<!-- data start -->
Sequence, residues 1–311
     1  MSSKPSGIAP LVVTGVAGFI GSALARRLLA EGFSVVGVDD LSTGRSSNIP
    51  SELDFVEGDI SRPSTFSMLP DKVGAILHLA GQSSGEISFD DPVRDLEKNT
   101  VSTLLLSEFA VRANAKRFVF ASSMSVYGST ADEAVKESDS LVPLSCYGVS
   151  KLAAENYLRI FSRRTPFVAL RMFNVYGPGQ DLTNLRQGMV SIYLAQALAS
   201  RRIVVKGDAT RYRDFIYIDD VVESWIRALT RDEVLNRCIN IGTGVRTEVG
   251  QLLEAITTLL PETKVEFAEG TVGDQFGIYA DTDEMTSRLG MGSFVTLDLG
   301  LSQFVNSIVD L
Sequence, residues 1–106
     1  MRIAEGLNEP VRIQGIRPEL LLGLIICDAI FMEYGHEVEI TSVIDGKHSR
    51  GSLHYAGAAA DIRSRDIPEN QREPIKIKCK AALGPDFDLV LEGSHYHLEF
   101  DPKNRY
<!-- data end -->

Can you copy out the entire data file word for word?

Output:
Sequence, residues 1–311
     1  MSSKPSGIAP LVVTGVAGFI GSALARRLLA EGFSVVGVDD LSTGRSSNIP
    51  SELDFVEGDI SRPSTFSMLP DKVGAILHLA GQSSGEISFD DPVRDLEKNT
   101  VSTLLLSEFA VRANAKRFVF ASSMSVYGST ADEAVKESDS LVPLSCYGVS
   151  KLAAENYLRI FSRRTPFVAL RMFNVYGPGQ DLTNLRQGMV SIYLAQALAS
   201  RRIVVKGDAT RYRDFIYIDD VVESWIRALT RDEVLNRCIN IGTGVRTEVG
   251  QLLEAITTLL PETKVEFAEG TVGDQFGIYA DTDEMTSRLG MGSFVTLDLG
   301  LSQFVNSIVD L
Sequence, residues 1–106
     1  MRIAEGLNEP VRIQGIRPEL LLGLIICDAI FMEYGHEVEI TSVIDGKHSR
    51  GSLHYAGAAA DIRSRDIPEN QREPIKIKCK AALGPDFDLV LEGSHYHLEF
   101  DPKNRY